Pain relief

Knee osteoarthritis: intramuscular injection good alternative to intra-articular injection

For patients treated by their general practitioner for pain due to knee osteoarthritis, an intramuscular corticosteroid injection can be a good alternative to an intra-articular injection. This has been shown in research conducted by Erasmus MC.

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When oral painkillers and physical therapy do not sufficiently work, injection of corticosteroids can relieve the pain of patients with knee osteoarthritis. The general practitioner can inject the corticosteroids directly into the knee joint (intra-articular) or the gluteus muscle (intramuscular). Researchers at Erasmus MC’s Department of General Practice found that intramuscular injection worked as well as intra-articular injection after 8 weeks. They published their results in JAMA Network Open.

The researchers studied 145 patients with knee osteoarthritis, randomly divided into two groups: 74 received an intramuscular injection at the general practitioner, and 71 received an intramuscular injection. At 2, 4, 8, 12, and 24 weeks after the injection, all patients were asked to report their pain scores. The analgesic effect of the intra-articular injection peaked at 4 weeks and that of the intramuscular injection at 8 weeks.

Not competent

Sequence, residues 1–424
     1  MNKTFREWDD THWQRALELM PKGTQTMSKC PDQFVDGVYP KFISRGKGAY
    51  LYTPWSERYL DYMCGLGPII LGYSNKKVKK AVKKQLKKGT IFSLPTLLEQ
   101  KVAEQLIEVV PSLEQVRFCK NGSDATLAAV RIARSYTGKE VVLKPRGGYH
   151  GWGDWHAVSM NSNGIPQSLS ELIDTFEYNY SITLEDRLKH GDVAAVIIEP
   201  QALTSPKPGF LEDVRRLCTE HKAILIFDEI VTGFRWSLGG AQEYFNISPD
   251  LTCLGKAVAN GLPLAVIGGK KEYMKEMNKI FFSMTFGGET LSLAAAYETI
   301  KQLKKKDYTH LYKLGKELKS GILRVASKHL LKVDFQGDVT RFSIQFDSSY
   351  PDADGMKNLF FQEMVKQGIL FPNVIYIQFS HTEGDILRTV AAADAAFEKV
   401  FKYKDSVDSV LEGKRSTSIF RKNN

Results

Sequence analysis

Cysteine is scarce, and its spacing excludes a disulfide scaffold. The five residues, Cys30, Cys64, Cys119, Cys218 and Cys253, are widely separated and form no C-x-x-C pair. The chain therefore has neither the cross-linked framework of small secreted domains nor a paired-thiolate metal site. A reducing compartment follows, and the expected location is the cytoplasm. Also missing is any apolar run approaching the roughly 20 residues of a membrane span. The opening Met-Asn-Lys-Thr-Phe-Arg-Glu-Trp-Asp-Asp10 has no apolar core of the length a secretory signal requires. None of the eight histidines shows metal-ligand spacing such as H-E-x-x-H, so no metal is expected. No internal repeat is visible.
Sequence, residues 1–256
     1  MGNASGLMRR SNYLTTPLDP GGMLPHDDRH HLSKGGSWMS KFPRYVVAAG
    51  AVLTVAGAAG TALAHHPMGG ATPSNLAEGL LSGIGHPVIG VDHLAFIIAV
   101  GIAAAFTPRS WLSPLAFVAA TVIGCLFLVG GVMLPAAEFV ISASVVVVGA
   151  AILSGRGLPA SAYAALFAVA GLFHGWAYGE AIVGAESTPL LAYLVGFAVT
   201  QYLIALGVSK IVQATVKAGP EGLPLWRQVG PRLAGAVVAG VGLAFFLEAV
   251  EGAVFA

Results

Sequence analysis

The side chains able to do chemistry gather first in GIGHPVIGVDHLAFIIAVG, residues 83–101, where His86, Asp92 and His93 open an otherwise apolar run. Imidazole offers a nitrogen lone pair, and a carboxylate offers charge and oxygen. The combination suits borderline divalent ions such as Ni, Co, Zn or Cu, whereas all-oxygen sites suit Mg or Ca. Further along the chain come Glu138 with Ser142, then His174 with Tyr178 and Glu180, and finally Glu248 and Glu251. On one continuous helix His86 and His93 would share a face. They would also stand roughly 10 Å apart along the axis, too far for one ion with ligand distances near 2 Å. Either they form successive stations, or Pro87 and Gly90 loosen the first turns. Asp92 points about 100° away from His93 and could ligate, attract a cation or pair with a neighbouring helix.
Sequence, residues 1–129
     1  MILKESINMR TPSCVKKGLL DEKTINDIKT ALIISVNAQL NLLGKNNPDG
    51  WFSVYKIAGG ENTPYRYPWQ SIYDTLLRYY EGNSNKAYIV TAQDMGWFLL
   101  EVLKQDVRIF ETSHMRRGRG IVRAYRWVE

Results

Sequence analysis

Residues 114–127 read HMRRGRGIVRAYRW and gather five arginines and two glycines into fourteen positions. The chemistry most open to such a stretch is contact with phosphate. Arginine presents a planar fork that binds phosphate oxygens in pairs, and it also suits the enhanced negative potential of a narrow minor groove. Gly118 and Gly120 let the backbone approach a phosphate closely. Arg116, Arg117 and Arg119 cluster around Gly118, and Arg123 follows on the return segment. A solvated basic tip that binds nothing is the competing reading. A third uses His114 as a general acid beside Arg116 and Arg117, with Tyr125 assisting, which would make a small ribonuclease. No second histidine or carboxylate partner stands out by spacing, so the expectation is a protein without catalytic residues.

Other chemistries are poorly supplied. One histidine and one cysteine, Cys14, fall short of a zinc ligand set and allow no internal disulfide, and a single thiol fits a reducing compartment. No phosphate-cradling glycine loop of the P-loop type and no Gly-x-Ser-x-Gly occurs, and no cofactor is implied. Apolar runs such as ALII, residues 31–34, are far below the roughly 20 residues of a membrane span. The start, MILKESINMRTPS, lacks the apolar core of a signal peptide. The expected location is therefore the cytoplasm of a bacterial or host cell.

The findings are important because previous research shows that 1 in 5 general practitioners do not consider themselves competent to administer a musculoskeletal injection. This leads to some patients being referred to the hospital for injection. Consequence: longer waiting time for the patient and higher costs for society.

That’s not the only drawback of intra-articular injection, explains Ph.D. student Qiuke Wang. ‘Intra-articular corticosteroid injections can cause cartilage loss, making osteoarthritis worse. In addition, it can cause an infection of the joint.’


It wasn’t just a subset of general practitioners who appeared to prefer a particular form of injection. Of the 145 patients, 18 percent preferred intra-articular injection, compared to 48 percent for intramuscular injection.

The researchers hope their results will spark conversation in the consulting room. ‘We are the first to show that both injections work well against pain. General practitioners and patients should come to the right choice together, based on the patient’s preferences and expectations, and the general practitioner’s skill level,’ concludes lead researcher Jos Runhaar.


In the infographic below, the researchers summarize their findings.

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